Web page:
Using evidential markers in papers seems overwhelming, but it seems writers insist that quotations and in-text citations make their papers stronger as they can provide their knowledge and evidence in them. This was one way of showing their academic authoritativeness and identity. As elite members of academic discourse community, writers establish or rebut claims to prove their academic identity and then support their claims with using evidential markers. Using evidentials is a criterion for making their assertions picturesque and it is a discursive feature which strengthens writers' disoursal identity. Writers' identity gains credibility with appropriate utilizing of a 'highly valued convention' (Ivanic, 1998, p.48) like evidentials. As the following examples from the corpus show: (Example 3): According to Brown and Levinson (1987), social and interpersonal factors, namely interlocutors' power difference, the social distance between them, and the degree of imposition, influence the directness levels of speech act expressions.

(Example4): As Kasper (2001) states, pragmatic competence refer to the acquisition of pragmatic knowledge and to gaining automatic control in processing it in real time.

Boosters or certainty markers can create solidarity in text and engagement with readers and construct an authoritative persona. They are complex devices with a variety of functions, and they are central to the negotiation of claims and effective argumentation in academic writing. Professional using of boosters is one the common metalinguistic tools, which reinforce construction of identity with the impact of argument and evaluation of academic competence of the writer by members of academic discourse community. As the following examples from the corpus clarify the point:

(Example5): Communicative tasks are always socially constructed.

(Example6): Although in the 1980s writing process researchers demonstrated strong support for examining journal writing in classroom-based studies, this method needs to be conceptualized as a discursive research tool and as a teaching practice.

The finding of this investigation distinctly illustrates that self-mentions or promotional devices are the most visible indications of authorial identity which promote both writers and their works. The findings of the study conducted by Harwood (2005) support the use of self-mentions as promotional devices and thus, is consistent with the upshot of the present study. The outcomes of the study conducted by Hyland (2002) also support this result with indicating the point that "self-mention constitutes a central pragmatic feature of academic discourse since it contributes not only to the writer's construction of a text, but also of a rhetorical self. The authorial pronoun is a significant means of promoting a competent scholarly identity and gaining acceptance for one's ideas. "(Hyland, 2002, p.1110). These examples are chosen from our corpus:

(Example7): Nevertheless,treating interpreter-mediated police interview discourse as interaction among three parties allowed the researcher to address relatively underexplored aspects of problems related to interpreting in such a context.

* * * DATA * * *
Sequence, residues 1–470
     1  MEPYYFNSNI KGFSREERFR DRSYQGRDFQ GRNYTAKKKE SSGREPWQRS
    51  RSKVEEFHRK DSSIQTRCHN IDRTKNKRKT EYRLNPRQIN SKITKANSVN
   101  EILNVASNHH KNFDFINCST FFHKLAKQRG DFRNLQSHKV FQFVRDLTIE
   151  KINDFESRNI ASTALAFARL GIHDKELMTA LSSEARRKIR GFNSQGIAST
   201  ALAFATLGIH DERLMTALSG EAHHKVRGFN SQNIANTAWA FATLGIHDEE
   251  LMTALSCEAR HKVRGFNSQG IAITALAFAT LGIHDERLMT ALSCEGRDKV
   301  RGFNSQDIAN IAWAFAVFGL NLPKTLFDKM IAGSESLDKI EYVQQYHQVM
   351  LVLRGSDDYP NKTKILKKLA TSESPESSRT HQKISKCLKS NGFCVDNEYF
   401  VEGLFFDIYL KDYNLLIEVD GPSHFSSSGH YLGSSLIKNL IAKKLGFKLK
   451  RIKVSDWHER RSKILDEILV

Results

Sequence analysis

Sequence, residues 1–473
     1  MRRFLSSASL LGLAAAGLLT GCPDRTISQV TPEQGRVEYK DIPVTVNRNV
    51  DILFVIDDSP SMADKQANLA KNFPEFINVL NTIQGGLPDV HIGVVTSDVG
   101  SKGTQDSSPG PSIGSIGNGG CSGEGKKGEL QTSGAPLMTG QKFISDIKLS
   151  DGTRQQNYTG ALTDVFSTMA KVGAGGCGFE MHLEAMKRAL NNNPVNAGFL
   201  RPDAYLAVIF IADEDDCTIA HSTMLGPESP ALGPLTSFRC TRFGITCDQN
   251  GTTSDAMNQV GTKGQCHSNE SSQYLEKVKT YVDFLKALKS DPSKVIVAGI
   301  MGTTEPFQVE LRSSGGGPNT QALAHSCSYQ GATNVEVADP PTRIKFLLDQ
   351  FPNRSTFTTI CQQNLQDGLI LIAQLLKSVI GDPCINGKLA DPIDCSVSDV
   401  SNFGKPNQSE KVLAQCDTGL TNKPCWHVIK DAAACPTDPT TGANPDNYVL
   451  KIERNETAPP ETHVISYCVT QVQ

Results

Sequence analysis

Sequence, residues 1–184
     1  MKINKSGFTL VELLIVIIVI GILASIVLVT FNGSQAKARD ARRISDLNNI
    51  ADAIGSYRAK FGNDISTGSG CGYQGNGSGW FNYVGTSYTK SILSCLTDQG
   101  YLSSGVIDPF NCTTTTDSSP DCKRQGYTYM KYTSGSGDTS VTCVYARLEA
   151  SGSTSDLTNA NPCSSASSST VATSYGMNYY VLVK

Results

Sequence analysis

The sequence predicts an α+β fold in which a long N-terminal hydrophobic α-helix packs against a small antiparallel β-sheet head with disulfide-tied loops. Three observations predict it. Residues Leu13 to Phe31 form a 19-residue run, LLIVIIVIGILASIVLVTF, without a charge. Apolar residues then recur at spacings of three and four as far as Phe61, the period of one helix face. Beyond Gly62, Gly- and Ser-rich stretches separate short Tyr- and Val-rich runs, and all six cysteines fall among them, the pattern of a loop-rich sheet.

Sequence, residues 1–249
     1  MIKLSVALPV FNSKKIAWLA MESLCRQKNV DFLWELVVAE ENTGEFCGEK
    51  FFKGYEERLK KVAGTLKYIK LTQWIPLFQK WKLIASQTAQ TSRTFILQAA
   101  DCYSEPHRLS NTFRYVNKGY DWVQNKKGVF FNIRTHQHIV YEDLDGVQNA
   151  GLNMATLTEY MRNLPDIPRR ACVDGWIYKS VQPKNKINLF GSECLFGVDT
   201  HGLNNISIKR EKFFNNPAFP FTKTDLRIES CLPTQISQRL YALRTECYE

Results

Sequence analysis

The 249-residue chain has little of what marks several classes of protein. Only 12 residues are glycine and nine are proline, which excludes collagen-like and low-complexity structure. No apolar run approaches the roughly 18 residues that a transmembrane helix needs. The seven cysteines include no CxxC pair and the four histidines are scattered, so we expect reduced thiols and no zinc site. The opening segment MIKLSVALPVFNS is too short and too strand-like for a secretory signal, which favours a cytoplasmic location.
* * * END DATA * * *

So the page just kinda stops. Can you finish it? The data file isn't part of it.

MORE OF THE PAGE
(Example8): My article shows problems with transplanting Lakoff and Johnson's discourse-level approach to a CDA register-level one.

(Example9): First, let us examine an extract from the Melbourne case.

The underuse of attitude markers or sentiment devices reveals the dominance of reason over emotion or sensual perception in academy. It appears that writers regard themselves as sophisticated, savant and users of reason. These discourse markers yield a less authoritative voice and less personal involvement because it indicates that writers have a "lack of confidence, reluctance to express opinion, poor/no tradition of critical evaluation" (Burneikaite, 2008). It seems that writers did not feel comfortable using some affective attitude markers (surprisingly) that might have interfered with establishing their objective voice in their papers. This identity doesn't signify that feelings or sensual stimuli are absent from academic writing. Rather it indicates that highly sensual experience in a context of the relevant experiences of others and of the history of academic analysis of the topic. In the academic world the emotions and sentiments must always be subject to control by reason. Controlling emotions by reason means avoiding "impressionism": merely expressing "feelings" or opinions. It could be construed, thus, that the key to an effectively persuasive text is the artful combination of weakening expressions (i.e. hedges) and strengthening ones (i.e. certainty markers and/or attitudinal markers) with the final intention of producing a discourse that is neither too assertive nor too vague. These points are better illustrated in the following examples:

(Example 10): Having appropriate background knowledge may have helped learners to more efficiently direct attention to input while reading the more familiar story.

(Example 11): The results consistently demonstrated that as passage sight vocabulary increased so did ability to correctly infer TW meanings.

6. Conclusion

In second/foreign language writing classroom, writing educators need to provide explicit discussion and teaching of academic discourse in class so that students who hold myths associated with academic discourse or poor writer identities change their attitudes and become aware of a wide range of its characteristics. Writing teachers should help students to be acculturated into the academic community and be participating members in their disciplines, with a broad understanding of academic discourse and with strong rhetorical confidence.